NAIROBI, MAY 30 -- From Angola to Ethiopia this week, the end of the Cold War is transforming the political landscape of Africa at a breathtaking pace.

What a difference a decade can make. Just 10 years ago, competition between the superpowers was a preeminent force shaping political events and economic development in Africa.

The Soviet Union was busy supplying billions of dollars in aid to nominally Marxist client states such as Ethiopia and Angola in pursuit of its dream of international communism, while more than 50,000 Cuban troops were stationed there to support shaky regimes against insurgencies.

The United States, for its part, was funneling hundreds of millions of dollars in military and economic aid to African countries it perceived as vital to protecting American interests against Soviet and radical Arab threats -- Sudan, Liberia, Zaire and Somalia among them.

The roll call of African events in 1991 describes a different political landscape.

The Soviets are preaching the virtues of peace in the Third World and establishing contact with the once reviled state of South Africa.

The last contingent of Cuban proxy troops has packed up and flown home to Havana, as part of an Angolan peace accord that is expected to be signed Friday in Lisbon.

And the United States is playing the unlikely role of a political traffic cop in Ethiopia, ushering to power a rural insurgency that once idolized the example of Joseph Stalin.

What in the world is going on in Africa?

"I see a number of factors, not least a growing demand for political pluralism and democratization," said Richard Joseph, a fellow at the Carter Center of Emory University in Atlanta, which mediated Ethiopian peace discussions in the past.

"But there is also the geopolitical aspect. . . . We are living in a unipolar world. The bipolarities of the past have ended and the U.S. has emerged as the lead player. Whether this is good or bad remains to be seen, but it is clear that it has become a critical factor in Africa."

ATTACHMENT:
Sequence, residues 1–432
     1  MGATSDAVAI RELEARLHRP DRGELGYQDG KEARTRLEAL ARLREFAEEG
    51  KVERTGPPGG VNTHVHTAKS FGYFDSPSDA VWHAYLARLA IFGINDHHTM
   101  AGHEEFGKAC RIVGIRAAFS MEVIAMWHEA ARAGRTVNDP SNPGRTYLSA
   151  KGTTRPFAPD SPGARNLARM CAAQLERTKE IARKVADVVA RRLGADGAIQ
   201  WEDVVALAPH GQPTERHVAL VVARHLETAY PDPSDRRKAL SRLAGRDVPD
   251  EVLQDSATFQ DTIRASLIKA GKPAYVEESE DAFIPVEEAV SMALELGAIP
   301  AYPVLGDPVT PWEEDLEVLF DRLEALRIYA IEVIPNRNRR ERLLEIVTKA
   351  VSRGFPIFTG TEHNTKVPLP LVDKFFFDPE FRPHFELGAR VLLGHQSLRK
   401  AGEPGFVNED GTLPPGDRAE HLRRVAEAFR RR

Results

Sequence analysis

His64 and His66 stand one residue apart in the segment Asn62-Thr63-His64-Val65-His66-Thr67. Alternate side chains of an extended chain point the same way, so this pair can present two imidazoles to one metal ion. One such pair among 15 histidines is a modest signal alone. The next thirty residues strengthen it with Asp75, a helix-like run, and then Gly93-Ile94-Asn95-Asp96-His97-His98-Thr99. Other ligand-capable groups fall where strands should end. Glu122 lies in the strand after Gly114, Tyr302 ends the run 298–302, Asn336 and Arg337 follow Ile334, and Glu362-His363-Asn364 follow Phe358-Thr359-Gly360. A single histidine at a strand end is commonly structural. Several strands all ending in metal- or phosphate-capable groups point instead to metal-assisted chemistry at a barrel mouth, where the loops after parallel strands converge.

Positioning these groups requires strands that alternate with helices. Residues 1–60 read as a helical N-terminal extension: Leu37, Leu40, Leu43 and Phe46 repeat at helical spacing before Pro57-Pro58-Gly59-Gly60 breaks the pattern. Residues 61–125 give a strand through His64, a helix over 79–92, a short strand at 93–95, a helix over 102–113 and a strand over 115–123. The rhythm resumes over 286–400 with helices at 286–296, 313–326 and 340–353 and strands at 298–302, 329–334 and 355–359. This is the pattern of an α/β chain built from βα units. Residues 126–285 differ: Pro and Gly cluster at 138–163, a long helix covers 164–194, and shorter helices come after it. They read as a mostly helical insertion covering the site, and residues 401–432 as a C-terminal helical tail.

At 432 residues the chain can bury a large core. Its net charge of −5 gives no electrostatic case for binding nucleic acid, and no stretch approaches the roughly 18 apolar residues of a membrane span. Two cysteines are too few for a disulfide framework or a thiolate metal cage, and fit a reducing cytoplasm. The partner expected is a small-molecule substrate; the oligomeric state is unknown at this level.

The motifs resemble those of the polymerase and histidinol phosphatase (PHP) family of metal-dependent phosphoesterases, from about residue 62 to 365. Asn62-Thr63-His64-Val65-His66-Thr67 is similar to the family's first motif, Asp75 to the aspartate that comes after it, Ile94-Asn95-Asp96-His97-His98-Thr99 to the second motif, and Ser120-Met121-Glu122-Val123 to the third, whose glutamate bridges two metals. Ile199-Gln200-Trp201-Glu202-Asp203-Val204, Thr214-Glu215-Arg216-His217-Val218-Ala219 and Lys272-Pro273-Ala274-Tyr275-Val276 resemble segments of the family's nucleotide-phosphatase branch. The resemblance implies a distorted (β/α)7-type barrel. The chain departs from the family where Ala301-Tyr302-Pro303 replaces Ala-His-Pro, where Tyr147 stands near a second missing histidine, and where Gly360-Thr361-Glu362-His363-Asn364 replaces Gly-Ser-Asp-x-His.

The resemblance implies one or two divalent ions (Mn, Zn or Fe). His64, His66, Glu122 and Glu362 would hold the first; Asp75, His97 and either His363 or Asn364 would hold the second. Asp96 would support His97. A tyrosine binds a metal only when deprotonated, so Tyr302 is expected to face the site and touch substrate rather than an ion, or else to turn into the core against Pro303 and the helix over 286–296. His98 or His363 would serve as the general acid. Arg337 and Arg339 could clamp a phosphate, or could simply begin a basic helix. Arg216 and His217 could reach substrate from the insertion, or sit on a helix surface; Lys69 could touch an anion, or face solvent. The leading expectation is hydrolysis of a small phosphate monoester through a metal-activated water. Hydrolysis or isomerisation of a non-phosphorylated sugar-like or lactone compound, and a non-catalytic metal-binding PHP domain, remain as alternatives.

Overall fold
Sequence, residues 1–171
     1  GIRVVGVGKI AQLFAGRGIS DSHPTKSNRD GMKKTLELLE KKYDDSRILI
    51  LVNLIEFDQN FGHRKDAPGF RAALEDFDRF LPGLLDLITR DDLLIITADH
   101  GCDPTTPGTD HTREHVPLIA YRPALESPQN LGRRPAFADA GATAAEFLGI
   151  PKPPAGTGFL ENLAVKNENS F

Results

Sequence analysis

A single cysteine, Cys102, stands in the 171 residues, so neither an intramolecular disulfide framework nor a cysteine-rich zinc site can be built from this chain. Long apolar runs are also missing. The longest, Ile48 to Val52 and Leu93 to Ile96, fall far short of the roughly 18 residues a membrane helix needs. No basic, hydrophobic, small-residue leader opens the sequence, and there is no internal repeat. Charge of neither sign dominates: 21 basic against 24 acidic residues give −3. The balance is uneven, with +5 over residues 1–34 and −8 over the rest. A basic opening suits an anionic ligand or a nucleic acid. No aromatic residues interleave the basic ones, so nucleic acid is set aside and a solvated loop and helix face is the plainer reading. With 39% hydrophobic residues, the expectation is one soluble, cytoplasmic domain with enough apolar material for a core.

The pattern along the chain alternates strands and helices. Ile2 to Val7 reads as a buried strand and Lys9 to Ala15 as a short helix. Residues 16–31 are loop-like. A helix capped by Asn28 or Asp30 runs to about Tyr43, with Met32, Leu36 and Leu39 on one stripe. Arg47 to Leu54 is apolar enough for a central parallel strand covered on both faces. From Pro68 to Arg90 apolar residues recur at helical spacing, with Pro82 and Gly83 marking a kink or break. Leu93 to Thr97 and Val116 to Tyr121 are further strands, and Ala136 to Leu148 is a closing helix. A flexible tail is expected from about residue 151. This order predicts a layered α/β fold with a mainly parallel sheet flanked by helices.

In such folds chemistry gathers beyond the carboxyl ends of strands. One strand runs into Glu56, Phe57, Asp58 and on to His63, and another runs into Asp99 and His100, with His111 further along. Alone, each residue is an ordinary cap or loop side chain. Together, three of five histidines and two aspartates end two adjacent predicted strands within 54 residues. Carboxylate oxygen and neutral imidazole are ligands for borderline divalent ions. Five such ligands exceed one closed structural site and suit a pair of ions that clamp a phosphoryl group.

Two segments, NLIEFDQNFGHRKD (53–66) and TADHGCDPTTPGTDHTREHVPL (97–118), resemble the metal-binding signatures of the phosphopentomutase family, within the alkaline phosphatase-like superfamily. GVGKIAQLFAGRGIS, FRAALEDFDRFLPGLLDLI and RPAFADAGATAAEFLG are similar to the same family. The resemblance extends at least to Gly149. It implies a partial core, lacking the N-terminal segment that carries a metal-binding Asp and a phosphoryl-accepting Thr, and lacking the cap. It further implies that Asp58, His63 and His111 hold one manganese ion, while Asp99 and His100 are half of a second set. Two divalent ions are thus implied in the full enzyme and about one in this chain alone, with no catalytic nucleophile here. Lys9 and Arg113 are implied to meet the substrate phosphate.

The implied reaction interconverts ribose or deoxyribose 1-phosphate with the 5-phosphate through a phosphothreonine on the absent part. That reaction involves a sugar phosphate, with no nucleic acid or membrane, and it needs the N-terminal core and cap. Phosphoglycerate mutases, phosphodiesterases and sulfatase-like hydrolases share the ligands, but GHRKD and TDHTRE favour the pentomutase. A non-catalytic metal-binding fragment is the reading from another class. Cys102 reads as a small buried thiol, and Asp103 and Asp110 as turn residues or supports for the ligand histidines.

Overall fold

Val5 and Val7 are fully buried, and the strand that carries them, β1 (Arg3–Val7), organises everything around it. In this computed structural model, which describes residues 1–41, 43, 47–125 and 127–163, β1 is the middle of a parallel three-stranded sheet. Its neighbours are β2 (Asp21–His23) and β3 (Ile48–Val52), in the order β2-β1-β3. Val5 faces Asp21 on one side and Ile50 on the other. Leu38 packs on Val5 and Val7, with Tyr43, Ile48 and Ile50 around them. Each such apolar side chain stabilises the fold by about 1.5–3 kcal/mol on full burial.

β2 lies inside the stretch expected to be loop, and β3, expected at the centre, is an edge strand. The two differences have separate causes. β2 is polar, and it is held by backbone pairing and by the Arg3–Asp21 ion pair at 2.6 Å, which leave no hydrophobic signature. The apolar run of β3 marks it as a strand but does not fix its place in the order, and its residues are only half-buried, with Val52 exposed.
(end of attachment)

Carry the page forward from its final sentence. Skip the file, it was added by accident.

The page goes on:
U.S. mediation of Ethiopia's civil war, which culminated in Tuesday's rebel capture of Addis Ababa, represents the latest in a number of remarkable events in Africa that, although unrelated directly, are resulting in a redrawing of the continent's political map.

The end of superpower contention, the drop-off in foreign military aid that has weakened longtime dictatorships, and popular pressures for civil liberties and more accountable governments have all played a role in these changes.

Like a pressure cooker relieved of its top, many of Africa's ethnic tensions and political and regional struggles -- some up to 30 years old -- are exploding.

The end of the Cold War "has meant that factions and governments in Africa cannot count on the consistent support of anybody, no matter what," said Claude Ake, a fellow at the Institute for African Studies at Columbia University in New York who has written extensively on democracy and political change in Africa.

"This has not only undermined people in authority, but it has given confidence to people fighting that authority. . . . Africa is entering a period of fluidity that may last some time."

Many of the recent events in Africa are devastating and still unresolved. Starved of American aid, Liberia collapsed into war last year and is still divided along battle lines.

Finally spurned by the United States, the Somali regime of Mohamed Siad Barre fell apart and the nation is still in the throes of anarchy and war.

Other long pent-up pressures are leading to new borders and even new nations founded along ethnic and regional lines. Northern Somali rebels, for example, have broken with their brethren in the south and announced the formation of the nation of Northern Somaliland.

On Wednesday, in the northern Ethiopian province of Eritrea, victorious rebels proclaimed a provisional government for the region, separate from the control of Addis Ababa. The Eritreans do not hide their desire for secession.

"It is quite likely there will be more signs of disintegration," said Ake, who explained that "such pluralism, which should have expressed itself long ago in Africa, is finally doing so."

Still another momentous event was the agreement reached to end years of civil war in Angola and to start a democratization process, a prime reflection of greater international cooperation between the United States and the Soviet Union.